While I enjoyed the training and found the content relevant, the three facilitators made two classic mistakes that I would like to help you avoid. These mistakes inadvertently send the message that web conferencing is a poor substitute for face-to-face training sessions.
First mistake: they did nothing to convert their presentation slides for virtual delivery. It was clear that they were using the same deck that they displayed in the face-to-face classroom. The simple rule of thumb for PowerPoint in the virtual classroom is that the font size needs to increase. Why? Screen sizes on mobile devices and some laptops make small text unreadable for some participants. We recommend at least 28-point font for text on the slide. That probably means that you will need to break apart text-heavy slides to reduce the amount of text on each slide.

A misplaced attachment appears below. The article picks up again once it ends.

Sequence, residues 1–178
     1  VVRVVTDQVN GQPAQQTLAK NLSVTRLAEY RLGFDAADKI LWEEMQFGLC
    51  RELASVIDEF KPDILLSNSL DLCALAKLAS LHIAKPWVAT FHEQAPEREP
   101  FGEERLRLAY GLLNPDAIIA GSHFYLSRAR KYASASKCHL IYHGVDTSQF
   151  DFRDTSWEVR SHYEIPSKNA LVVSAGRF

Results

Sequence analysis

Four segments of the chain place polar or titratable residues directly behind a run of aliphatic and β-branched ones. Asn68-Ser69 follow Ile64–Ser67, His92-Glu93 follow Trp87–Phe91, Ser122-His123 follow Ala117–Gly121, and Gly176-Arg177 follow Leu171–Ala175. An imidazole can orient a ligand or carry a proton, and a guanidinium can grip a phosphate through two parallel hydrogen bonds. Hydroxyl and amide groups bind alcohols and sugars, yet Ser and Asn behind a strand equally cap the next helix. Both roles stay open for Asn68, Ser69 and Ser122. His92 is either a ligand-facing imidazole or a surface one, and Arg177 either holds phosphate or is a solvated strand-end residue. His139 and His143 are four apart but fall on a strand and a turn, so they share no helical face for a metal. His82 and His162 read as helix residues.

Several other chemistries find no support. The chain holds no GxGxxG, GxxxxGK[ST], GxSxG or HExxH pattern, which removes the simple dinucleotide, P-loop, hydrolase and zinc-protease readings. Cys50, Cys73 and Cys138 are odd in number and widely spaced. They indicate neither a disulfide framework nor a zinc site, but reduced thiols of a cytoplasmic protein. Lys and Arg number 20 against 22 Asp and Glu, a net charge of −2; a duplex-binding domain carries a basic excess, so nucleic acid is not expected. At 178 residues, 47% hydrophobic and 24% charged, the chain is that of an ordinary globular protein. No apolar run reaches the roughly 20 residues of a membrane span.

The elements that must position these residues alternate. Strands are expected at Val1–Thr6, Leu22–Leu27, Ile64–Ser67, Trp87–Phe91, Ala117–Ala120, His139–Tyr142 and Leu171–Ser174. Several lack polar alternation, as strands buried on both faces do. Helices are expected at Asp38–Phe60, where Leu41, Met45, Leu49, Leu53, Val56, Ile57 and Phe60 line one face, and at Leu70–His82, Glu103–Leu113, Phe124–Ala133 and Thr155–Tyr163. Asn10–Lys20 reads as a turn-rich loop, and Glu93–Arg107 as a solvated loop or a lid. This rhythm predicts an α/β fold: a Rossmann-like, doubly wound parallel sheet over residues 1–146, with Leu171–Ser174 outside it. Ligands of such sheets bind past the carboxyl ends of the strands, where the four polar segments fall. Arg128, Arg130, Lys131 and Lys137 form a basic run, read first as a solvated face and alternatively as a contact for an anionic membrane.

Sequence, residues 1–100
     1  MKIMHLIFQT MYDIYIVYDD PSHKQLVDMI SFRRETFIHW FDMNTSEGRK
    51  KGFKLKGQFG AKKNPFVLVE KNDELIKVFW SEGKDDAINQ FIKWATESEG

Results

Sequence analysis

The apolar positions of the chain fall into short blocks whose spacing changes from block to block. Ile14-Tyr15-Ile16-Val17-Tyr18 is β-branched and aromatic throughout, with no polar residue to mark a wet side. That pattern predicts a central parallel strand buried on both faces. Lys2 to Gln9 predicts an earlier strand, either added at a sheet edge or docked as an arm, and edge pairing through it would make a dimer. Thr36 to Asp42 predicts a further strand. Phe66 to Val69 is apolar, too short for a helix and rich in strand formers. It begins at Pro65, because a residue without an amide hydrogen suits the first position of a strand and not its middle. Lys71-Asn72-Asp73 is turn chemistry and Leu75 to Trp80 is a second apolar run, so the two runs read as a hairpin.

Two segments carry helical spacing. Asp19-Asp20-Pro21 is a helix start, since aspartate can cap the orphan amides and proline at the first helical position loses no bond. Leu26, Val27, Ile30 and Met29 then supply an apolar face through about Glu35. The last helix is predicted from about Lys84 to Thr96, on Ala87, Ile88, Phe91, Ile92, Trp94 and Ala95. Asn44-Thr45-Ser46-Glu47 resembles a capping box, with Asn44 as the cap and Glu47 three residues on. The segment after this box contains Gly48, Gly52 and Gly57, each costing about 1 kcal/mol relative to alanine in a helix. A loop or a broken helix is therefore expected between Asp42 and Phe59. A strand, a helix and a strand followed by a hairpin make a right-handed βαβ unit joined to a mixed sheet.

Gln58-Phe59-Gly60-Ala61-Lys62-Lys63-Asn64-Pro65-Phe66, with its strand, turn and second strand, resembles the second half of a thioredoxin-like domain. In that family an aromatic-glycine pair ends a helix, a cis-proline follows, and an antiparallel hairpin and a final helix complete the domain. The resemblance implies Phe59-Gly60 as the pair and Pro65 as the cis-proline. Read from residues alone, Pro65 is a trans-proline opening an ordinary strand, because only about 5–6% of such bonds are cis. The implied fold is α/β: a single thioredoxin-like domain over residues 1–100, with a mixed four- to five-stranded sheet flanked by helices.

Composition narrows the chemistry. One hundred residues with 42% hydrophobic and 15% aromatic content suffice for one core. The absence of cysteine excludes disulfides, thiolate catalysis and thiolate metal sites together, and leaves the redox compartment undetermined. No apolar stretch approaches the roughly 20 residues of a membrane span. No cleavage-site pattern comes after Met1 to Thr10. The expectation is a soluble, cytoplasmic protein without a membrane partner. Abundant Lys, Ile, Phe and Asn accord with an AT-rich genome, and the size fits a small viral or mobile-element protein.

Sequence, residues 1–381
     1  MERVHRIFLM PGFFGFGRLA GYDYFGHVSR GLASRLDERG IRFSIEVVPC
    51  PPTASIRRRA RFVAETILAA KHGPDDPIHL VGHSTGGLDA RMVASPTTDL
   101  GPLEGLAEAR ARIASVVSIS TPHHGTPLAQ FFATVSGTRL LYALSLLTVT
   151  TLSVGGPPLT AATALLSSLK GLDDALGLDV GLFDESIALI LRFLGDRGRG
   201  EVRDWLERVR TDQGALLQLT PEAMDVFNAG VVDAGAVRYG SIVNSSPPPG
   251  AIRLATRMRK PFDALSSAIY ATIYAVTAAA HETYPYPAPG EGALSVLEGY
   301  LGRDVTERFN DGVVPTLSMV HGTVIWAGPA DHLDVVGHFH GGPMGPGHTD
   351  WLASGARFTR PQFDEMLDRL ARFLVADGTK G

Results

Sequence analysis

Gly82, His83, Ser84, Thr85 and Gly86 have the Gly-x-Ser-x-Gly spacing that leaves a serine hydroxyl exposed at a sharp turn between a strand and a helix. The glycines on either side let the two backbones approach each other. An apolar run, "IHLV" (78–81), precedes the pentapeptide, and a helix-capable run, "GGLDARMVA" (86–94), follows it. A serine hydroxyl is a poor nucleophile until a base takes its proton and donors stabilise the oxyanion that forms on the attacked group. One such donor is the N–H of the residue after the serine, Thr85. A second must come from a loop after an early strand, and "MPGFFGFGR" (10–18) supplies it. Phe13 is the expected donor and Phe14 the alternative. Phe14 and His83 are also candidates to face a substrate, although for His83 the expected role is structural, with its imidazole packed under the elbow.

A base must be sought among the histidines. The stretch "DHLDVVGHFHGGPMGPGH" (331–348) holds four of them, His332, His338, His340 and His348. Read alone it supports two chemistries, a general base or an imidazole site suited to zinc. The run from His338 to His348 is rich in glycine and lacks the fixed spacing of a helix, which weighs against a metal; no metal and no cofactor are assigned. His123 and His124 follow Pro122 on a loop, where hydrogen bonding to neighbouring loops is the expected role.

Second mistake: they told us about an activity that they conducted in the face-to-face classroom. It involved dealing cards from a deck with specific examples for people in small groups to discuss. They were clearly sad about missing that activity. Please, make a note to yourself to never tell a group the way you used to conduct an exercise before you pivoted to web conferencing. Why? Telling us what we are NOT going to do is a surefire way to make us feel disappointed. You unintentionally send the message that the web training a participant is currently taking is less valuable than it could have been.
Instead, redesign the activity for virtual delivery. Maybe we don’t need to see a deck of cards to discuss scenarios. Instead, you could assign specific questions to individual breakout rooms. Then send us out to discuss those valuable scenarios in small groups.
Many organizations are realizing that the virtual classroom is here to stay. It might be time to review those hastily developed training designs and see if you can improve the visual messaging as well as the quality of interactive activities. Mindset Matters!